AltInst: Social Open CYC

From: Robin Hanson <>
Date: Fri Mar 05 1999 - 16:09:57 PST

CYC ( is an attempt to advance the field of artificial
intelligence (AI) by building an "encyclopedic" scale common sense
knowledge base (KB). The plausible idea is that we know enough about
AI architecture & control, and that until AI systems are good enough
to read English, the main limit on their learning rates is how much
they already know. CYC has been going since 1984, and now contains
about four million "pieces" of knowledge.

The main limit to growing CYC has been people's time to add knowledge.
Also, CYC has long had lots of media coverage and many well-wishers
(so many that they didn't respond most inquiries). Is there a way to
allow and motivate a community of amateurs to add to CYC, while still
leaving its owners (Cycorp) an attractive profit?

Many applications were suggested for the internet, but folks were
surprised to see email dominating use for decades. Many applications
were also envisioned for hypertext publishing (i.e., the web), but
folks were surprised to see home pages dominating early use. These
surprises suggest to me that personal social uses might jump start
an "open CYC."

Imagine amateurs using a public CYC language (e.g., CYCL and the upper
ontology) to post small KBs about themselves and their pets, homes,
politics, family, friends, etc. Imagine Cycorp licensing public CYC
servers, analogous to web search engines, which collect posted KBs
and respond to queries asking for people, places, etc. meeting given

A query asking, among other things, for people into sports, or for
people who like mountains, might come back with people who like to ski,
*if* the server understood that skiing is a sport done in the
mountains. Compared to a standard database of personal descriptions,
CYC-like common sense would allow people to better find each other.

Initially the public servers would not understand many things. This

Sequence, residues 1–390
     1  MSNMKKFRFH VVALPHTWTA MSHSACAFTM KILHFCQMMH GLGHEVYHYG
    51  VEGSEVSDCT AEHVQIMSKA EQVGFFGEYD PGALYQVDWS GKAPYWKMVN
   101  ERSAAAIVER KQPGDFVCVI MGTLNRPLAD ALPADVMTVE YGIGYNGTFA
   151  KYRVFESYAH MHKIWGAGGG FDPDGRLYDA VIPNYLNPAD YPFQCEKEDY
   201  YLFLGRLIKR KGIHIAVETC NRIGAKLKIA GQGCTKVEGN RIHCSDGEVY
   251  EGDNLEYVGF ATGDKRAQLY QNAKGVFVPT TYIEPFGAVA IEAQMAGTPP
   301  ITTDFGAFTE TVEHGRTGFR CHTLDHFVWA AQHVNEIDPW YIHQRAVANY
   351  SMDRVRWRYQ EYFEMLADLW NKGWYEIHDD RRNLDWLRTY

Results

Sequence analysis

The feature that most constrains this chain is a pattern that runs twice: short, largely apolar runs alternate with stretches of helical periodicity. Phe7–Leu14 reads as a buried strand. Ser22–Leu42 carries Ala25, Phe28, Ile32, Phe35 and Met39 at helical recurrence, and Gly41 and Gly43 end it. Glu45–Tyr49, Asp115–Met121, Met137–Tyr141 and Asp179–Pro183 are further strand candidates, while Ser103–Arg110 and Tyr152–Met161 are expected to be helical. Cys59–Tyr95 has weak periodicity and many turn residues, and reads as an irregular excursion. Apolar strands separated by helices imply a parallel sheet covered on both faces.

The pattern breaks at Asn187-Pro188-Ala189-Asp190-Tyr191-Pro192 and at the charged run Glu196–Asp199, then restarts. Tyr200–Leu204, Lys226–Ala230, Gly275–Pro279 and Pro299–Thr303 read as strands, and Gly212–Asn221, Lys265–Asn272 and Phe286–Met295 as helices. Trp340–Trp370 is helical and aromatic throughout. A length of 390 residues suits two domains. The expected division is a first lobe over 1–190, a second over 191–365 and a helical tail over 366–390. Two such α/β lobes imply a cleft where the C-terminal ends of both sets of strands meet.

would encourage ski fans to make and post KBs about skiing, and mountain
fans to post KBs explaining mountains. As with web pages, amateurs
KBs might cover topics as diverse as chess, pot stickers, and the
Titanic. Amateur KBs would give bragging rights to their creators and
help people with stronger interests in each area to find and socialize
with each other. And those social ties, after all, are a big part of
what induced people to make topical mailing lists and web pages.

If a social open CYC "took off" like email & home pages did, standard
"network effect" arguments suggest that vast numbers of amateur KBs
should increase the value to Cycorp of their private KB. Any loss
from cheaply licensing CYC for social queries should be more than
compensated by increased demand for other uses.

There are of course many details to be considered:

1) CYC has periodically undergone major reorganizations of its whole
KB. A large amateur community would frown on this. Is CYC stable
enough yet?

2) How simple can a version of CYC be that is enough to support
amateurs in building personal KBs? What is tradeoff between power
and ease of use?

3) Can a natural line be drawn between the space of "personal
social queries" which servers might be licensed to cheaply answer
and other sorts of queries Cycorp hopes to make most of their
profit on by pricing differently?

4) How can amateurs do quality control among themselves? Simple
votes among amateurs should be sufficient to settle dispute about
what the "common sense" answer to a query is. Can credit assignment
of query answers to KB elements be made precise enough to translate
consensus on query answers into consensus on KB elements?

5) Can amateur KB builders be allowed to inspect inference details
in order to debug their KBs without allowing theft of the entire
private CYC KB?

6) Can someone, hoping to help a CYC server understand him or her,
reveal personal details to that server that he or she would not want
published for all to see?

FYI, there is a mailing list on related issues:
"The Public Domain Knowledge Bank mailing list
has the purpose of support, creation and maintenance of a common
sense knowledge base (Public Domain Knowledge Bank also known as PDKB)
available to the any person who wants to use it."

Robin Hanson
RWJF Health Policy Scholar FAX: 510-643-8614
140 Warren Hall, UC Berkeley, CA 94720-7360 510-643-1884
after 8/99: Assist. Prof. Economics, George Mason Univ.

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Received on Fri Mar 5 19:57:52 1999

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